October 16, 2017

Liberals, Notley destroyed Alberta Advantage: Here’s what can bring it back

Holly NicholasRebel Commentator

According to a recent report from the Fraser Institute, the average Canadian household is already taxed 42.5 per cent per year! 

But that’s not enough, so the government wants even more of your hard earned money and they’ll get it if their small business tax changes pass.

These changes are aimed at small businesses, but will affect all Canadians since those hit hardest, like professionals, entrepreneurs and business owners, will have no choice but to pass some of their added costs on to consumers.

Over the weekend at The Rebel’s emergency town hall meeting, the cash grab was addressed by a number of speakers including United Conservative Party Energy Critic and MLA for Cypress-Medicine Hat, Drew Barnes.

Watch as I discuss the Liberal tax changes with him and he tells us what he’s hearing from every day Albertans who will be affected by these controversial changes, why he thinks Rachel Notley remains silent and what the United Conservative Party will do to get the Alberta Advantage back.

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commented 2017-10-19 00:43:34 -0400
With no explanation then I take it that you’re agreeing with me ..
commented 2017-10-18 13:09:46 -0400
Could you explain that differently.. maybe just a little simpler for me.
commented 2017-10-18 13:02:58 -0400
No, I’m saying that a) the economic cycles are sufficiently offset from political cycles to indicate that the two aren’t conspicuously related.

and b) that economic woes due to low oil prices are widespread.

This is not a moral commentary at all. A “social free for all” has nothing to do with it, although I will agree that Alberta’s civil service is somewhat oversized for what the province gets back. I certainly can’t endorse your slippery slope, which seems somewhat baseless.
commented 2017-10-18 12:32:56 -0400
Andrew.. so what you’re saying is you agree with me and morality is much better than than a social free for all paid for by our tax dollars leading to a loss of social programs including health care and ultimately to bankruptcy and a fall of the country.
commented 2017-10-18 10:52:46 -0400
Yes, Leviticus. That’s when you point out what you disagree with, and why. Instead of stomping around aimlessly.

Wayne, yes, “ignoring the troll” – the troll who has brought apparently irrefutable facts to the table – would be the best bet. That sort of denial is perhaps the best strategy to maintain an ideology that falls apart with any sort of empirical examination.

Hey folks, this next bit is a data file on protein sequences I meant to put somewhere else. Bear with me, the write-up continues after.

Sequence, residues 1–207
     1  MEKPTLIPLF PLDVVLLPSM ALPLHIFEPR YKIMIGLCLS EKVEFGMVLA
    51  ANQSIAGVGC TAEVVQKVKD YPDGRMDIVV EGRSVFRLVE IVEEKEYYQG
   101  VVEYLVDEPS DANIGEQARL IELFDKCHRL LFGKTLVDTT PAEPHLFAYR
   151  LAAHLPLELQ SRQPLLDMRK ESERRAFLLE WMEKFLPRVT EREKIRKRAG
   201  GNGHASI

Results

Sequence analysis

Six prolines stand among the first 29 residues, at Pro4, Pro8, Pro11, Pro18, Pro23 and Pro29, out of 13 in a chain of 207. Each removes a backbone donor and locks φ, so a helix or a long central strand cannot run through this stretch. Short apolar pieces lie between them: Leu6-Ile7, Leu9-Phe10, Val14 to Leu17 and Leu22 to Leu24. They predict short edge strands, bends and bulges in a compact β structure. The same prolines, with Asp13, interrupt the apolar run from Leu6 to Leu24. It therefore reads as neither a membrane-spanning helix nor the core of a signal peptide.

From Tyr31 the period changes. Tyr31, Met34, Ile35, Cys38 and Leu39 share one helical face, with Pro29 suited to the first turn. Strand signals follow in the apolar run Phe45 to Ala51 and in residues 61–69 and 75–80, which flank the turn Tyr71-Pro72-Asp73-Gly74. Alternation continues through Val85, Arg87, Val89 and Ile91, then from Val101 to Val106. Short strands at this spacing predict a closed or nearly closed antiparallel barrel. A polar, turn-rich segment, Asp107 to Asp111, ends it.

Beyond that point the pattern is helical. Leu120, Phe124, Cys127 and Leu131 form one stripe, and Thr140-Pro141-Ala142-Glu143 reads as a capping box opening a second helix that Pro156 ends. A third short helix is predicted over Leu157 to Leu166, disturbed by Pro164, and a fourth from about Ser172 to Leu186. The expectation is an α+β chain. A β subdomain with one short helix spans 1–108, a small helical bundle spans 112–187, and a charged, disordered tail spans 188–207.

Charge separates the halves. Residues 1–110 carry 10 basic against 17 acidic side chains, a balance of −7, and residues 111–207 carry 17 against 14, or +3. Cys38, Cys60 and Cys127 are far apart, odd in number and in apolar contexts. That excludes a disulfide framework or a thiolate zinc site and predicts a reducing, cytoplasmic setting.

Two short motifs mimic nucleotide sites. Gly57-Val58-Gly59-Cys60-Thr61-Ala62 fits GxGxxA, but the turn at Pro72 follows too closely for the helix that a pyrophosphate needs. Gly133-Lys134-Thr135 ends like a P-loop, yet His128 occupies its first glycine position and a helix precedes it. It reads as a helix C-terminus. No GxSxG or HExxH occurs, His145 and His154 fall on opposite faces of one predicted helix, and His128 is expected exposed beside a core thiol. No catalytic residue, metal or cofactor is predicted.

commented 2017-10-18 02:32:30 -0400
commented 2017-10-18 02:31:58 -0400
It appears best to ignore the troll.
commented 2017-10-18 00:42:40 -0400
What specific piece of “ignorance” do you find exhausting? Surely there is something I said that was demonstrably incorrect to lead you to make that comment.

Right? You wouldn’t just be saying that because it’s easier than actually trying to refute my comments. I mean, you wouldn’t do that, would you?

I’ll save you the trouble
Me: “Do you actually have a rebuttal”?
You: “huh”?
commented 2017-10-17 20:12:56 -0400
commented 2017-10-17 19:46:54 -0400
What did I say that was wrong?
commented 2017-10-17 14:39:48 -0400
Fuck Andrew you are exhausting… Or rather your ignorance is exhausting ..
commented 2017-10-17 14:02:12 -0400
Looking at the unemployment statistics, Alherta seems to already be “revving up”. Unemployment’s down to 7.9% from its peak of 9 a year ago. So, I don’t need to wait. I will never consider economic growth “bad” even if I am wrong in my speculation. Economic cycles are bigger than regional government The collapse began under dual conservative governments… the rebound began under NDP and Liberal governments. Perhaps there’s more to the economy than pipelines?

By the way, I believe Venezuela is doing terribly right now. Oil rich. Saudi Arabia’s trying desperately to push prices back up since they’re pretty much screwed at present levels. Even in the US, despite a slight rebound in the last year, drilling rigs are less than a third what they were in their heyday four years ago.
commented 2017-10-17 13:37:07 -0400
Andrew Sheila was covering the Calgary election but the city had some troubles with it, the mayor sure runs things well LMAO!
commented 2017-10-17 13:35:56 -0400
I wonder what Andrew will say when Alberta kicks out Notley and starts to rev up again proving Andrew wrong? More BS excuses will be forthcoming.
commented 2017-10-17 13:34:55 -0400
Andrew what oil rich country is hurting right now? And Norway has massive debt and was never raped by PET and does not send out money to have not provinces BIG DIFFERENCE! Investment has been leaving because of left win policy, your other excuses are pure fantasy. The killing of pipelines and carbon taxes is stopping investment. And Electric cars should increase demand for natural gas.